Mozambique: More Than 50,000 At Risk

Maputo — More than 50,000 people are at risk of flooding in the northern Mozambican province of Cabo Delgado, and the central province of Zambezia, where four rivers have now surpassed flood alert levels.

The rivers in question are the Messalo, the Montepuez and the Megaruma in Cabo Delgado, and the Licungo in Zambezia. The Licungo is now two metres above flood alert level.

All these rivers are continuing to rise, and the National Meteorology Institute (INAM), reporting to a Friday meeting of the Technical Disaster Management Council (CTGC) in Maputo, warned that rains with continue in Cabo Delgado and Zambezia over the next few days.

The rains also pose a threat of flooding in some of the country's main cities, including Beira and Quelimane. In Sofala province, there is a risk of flooding in the basin of the Buzi river, which would affect Búzi and Nhamatanda districts.

The spokesperson for the country's relief agency, the National Disaster Management Institute (INGC), Paulo Tomas, told reporters that emergency goods have been pre-positioned to guarantee rapid assistance to households at risk.

Members of the National Civil Protection Unit have also been positioned at danger spots, equipped with boats to be used in possible search and rescue missions.

"We also have shelter items - rents and tarpaulins - available, to assist 4,400 households", said Tomas. Equipment to ensure supplies of clean drinking water are available for 80,000 households, and there is enough food aid for 282,000 households.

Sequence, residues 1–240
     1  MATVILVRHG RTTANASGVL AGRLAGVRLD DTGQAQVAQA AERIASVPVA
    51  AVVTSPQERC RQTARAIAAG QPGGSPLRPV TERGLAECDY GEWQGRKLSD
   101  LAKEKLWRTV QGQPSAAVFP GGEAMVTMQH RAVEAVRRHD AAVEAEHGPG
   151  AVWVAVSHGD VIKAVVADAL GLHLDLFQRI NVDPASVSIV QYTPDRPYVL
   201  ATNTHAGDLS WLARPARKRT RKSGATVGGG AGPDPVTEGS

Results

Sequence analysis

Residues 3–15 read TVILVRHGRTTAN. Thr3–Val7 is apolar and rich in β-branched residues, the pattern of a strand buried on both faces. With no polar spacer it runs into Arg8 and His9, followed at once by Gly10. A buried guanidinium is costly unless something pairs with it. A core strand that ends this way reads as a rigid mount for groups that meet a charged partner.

According to INGC data, there are about 3,500 tonnes of assorted foodstuffs stored in Zambezia, Sofala and Cabo Delgado.

Tomas added that the INGC has activated its mechanisms to transmit information to the local disaster risk management committees.

"Teams from the central level are travelling to the affected areas to support the provinces and to make people aware that they must withdraw from dangerous areas", he said. "Our entire alert system is active".

The INGC's overall assessment, Tomas said, is that, since the start of the current rainy season, in October 2019, almost 58,000 people have been affected. 2,515 houses have been destroyed, and a further 7,506 have been damaged. 115 electricity pylons have been downed, and 224 classrooms have been destroyed in the 47 schools affected by the storms. Ten health units have also been affected.

Tomas said that so far 12 deaths have been recorded, most of them caused by lightning strikes.

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